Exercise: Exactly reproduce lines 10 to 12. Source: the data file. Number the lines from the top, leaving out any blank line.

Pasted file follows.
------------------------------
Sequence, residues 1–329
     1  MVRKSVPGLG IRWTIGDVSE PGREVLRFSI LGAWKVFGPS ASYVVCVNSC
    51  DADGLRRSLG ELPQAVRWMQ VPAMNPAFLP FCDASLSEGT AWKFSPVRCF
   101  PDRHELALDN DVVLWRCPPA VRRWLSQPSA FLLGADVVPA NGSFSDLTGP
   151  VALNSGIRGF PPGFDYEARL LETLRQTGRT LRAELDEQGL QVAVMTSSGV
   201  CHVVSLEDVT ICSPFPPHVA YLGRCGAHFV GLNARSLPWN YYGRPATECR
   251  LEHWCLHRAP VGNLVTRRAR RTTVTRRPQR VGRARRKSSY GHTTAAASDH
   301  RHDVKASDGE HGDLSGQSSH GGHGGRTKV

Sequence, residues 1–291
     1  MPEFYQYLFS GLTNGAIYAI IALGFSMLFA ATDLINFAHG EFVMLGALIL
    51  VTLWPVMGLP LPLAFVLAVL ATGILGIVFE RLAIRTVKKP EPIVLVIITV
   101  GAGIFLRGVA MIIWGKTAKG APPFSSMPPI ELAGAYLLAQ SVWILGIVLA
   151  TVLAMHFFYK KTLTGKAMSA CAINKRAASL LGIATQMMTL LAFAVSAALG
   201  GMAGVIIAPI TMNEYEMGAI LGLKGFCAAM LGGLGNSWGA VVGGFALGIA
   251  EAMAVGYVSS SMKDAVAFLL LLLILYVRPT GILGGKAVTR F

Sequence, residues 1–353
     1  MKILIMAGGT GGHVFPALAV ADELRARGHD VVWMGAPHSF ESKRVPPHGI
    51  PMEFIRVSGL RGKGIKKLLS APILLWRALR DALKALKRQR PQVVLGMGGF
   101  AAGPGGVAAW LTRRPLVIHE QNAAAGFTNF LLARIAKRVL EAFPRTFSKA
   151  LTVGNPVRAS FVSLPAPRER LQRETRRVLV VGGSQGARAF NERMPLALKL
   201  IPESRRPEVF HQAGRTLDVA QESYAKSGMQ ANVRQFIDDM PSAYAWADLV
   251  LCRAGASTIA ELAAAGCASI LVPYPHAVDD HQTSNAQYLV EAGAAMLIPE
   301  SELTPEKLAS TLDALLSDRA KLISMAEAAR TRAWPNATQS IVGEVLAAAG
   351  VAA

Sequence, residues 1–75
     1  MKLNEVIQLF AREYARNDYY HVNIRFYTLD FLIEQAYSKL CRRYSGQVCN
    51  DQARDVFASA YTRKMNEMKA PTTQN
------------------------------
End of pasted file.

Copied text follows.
     1  MPEFYQYLFS GLTNGAIYAI IALGFSMLFA ATDLINFAHG EFVMLGALIL
    51  VTLWPVMGLP LPLAFVLAVL ATGILGIVFE RLAIRTVKKP EPIVLVIITV
   101  GAGIFLRGVA MIIWGKTAKG APPFSSMPPI ELAGAYLLAQ SVWILGIVLA